(Reuters) – Global spending on oilfield equipment and services this year will fall 21% from 2019 to $211 billion, the lowest level since 2005, according to a report to be released on Wednesday by consultancy Spears & Associates, as oil and gas producers slash spending.

FILE PHOTO: A pump jack operates in front of a drilling rig at sunset in an oil field in Midland, Texas U.S. August 22, 2018. REUTERS/Nick Oxford

The decline comes as the coronavirus pandemic has crushed oil and gas demand, and Saudi Arabia and Russia pump full bore in a grab for market share that has shale producers reeling. U.S. oil futures fell 54% for the month of March, to $20.48 a barrel on Tuesday, below U.S. producers’ cost of production.

Spears’ estimate for 2020 spending is below industry outlays at the nadir of the last price crash in 2016, and less than half the 2014 peak of $473 billion.

The company, which surveys oilfield firms, evaluates company reports and models sales, historically has not publicly released its data, but the severity of the drop and debate over the industry’s future made it change course, an executive said.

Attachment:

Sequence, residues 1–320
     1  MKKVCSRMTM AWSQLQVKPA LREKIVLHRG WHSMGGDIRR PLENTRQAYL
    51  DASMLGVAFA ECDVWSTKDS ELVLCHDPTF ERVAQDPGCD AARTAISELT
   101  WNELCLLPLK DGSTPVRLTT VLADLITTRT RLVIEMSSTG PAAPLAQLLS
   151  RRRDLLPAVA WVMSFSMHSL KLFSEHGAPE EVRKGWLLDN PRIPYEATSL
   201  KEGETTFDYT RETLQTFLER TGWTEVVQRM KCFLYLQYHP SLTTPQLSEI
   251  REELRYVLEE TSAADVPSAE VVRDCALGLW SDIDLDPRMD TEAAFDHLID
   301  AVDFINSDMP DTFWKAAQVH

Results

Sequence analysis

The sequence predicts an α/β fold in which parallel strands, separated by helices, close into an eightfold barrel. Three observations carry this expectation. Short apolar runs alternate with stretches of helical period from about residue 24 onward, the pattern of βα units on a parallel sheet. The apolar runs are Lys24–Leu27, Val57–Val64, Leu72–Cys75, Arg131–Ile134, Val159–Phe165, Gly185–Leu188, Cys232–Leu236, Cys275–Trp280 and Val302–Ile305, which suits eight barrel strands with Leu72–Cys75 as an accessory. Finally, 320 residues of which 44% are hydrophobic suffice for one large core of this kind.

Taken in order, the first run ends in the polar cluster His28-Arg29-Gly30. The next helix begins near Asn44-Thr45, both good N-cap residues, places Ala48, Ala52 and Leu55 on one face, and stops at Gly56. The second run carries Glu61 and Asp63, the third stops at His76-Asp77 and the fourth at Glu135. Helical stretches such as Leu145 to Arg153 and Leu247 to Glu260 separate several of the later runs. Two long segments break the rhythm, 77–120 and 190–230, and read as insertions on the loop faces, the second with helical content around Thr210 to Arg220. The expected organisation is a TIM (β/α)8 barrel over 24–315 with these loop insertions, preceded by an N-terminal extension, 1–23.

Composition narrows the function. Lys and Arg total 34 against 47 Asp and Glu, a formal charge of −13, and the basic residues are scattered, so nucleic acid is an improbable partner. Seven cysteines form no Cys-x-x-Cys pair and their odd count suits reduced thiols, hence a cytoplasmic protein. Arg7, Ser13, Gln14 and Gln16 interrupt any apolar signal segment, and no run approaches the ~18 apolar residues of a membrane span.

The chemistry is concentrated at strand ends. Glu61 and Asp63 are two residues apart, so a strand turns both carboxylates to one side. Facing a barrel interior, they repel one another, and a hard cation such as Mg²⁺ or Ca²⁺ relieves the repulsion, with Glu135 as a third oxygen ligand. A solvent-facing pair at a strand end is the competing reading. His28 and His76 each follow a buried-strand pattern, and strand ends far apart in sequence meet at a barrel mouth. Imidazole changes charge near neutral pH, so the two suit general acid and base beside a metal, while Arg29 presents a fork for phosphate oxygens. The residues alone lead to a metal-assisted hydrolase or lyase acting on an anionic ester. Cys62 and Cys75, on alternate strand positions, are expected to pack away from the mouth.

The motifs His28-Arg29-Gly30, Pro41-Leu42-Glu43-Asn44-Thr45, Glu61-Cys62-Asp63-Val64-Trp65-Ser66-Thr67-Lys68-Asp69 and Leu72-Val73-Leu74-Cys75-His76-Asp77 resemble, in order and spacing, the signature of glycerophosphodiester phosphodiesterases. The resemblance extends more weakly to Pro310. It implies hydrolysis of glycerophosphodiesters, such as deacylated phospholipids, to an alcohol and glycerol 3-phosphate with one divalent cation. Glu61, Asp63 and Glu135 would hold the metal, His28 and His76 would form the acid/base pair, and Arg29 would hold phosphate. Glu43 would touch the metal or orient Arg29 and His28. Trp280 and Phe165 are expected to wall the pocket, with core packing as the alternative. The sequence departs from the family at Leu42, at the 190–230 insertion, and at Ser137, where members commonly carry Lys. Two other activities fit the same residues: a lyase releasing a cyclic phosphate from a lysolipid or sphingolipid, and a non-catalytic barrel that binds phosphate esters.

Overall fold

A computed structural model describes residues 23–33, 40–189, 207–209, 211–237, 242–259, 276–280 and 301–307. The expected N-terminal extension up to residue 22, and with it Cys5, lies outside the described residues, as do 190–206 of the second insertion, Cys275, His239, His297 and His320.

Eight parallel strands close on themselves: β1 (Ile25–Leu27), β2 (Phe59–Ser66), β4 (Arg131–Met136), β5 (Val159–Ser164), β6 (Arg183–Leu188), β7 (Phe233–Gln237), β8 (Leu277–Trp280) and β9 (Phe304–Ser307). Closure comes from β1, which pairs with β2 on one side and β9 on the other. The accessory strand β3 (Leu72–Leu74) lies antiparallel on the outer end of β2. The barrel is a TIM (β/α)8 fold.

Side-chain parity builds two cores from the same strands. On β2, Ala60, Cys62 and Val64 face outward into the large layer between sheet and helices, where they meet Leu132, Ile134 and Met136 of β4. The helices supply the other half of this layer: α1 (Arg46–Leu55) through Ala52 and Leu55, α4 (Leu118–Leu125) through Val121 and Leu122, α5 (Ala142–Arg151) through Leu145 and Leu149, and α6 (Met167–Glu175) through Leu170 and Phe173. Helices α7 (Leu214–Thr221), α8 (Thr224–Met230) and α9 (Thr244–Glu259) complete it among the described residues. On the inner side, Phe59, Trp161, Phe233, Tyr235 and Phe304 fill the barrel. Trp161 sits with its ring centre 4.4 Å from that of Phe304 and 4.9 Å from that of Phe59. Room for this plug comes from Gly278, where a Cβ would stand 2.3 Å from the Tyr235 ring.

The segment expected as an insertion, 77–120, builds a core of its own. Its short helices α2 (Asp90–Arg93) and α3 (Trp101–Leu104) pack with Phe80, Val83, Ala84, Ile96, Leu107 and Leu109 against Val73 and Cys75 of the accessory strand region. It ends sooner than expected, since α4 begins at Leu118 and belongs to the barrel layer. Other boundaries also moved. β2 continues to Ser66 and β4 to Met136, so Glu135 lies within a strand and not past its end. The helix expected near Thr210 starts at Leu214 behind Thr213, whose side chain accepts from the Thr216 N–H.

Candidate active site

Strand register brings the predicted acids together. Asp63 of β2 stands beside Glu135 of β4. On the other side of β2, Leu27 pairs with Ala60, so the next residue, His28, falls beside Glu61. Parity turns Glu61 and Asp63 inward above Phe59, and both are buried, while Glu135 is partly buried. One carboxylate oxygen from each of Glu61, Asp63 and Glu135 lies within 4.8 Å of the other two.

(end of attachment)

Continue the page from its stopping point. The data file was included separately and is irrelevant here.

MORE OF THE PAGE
“It does no good for oil and gas companies, for politicians, for bankers to imagine the service sector is going to be better off,” said Richard Spears, a managing partner of the firm. “This is the reality.”

Oilfield segments with the greatest share of North American revenue will see the biggest hits, with hydraulic fracturing spending down 44% from last year and land contract drilling down 29%, Spears estimated.

(For a graphic on the falling price of oil, click here: reut.rs/39ieums)

Halliburton (HAL.N), the top U.S. hydraulic fracturing provider, could see its fracking revenue fall to around $4.1 billion, below $4.5 billion in 2016, and contract driller Nabors (NBR.N) could see contract land drilling fall to $1.7 billion for the year, from $1.8 billion in 2016, according to Spears.

Overall spending on directional drilling, which helped launch the U.S. shale boom, could fall 30% over last year, and coiled tubing and artificial lift sales are expected to fall 29% and 27%, respectively.

Manufacturers of major equipment, such as rigs, pumping trucks and tools, are expected to face a 50% decline in spending from the prior year.

International markets will not fare as badly. Offshore contract drilling sales will dip 7% and offshore construction will fall 10% from the prior year, Spears estimates.

The report is closely read by oilfield executives and major producers to gauge the state of the market.

Reporting by Liz Hampton; editing by Richard Pullin

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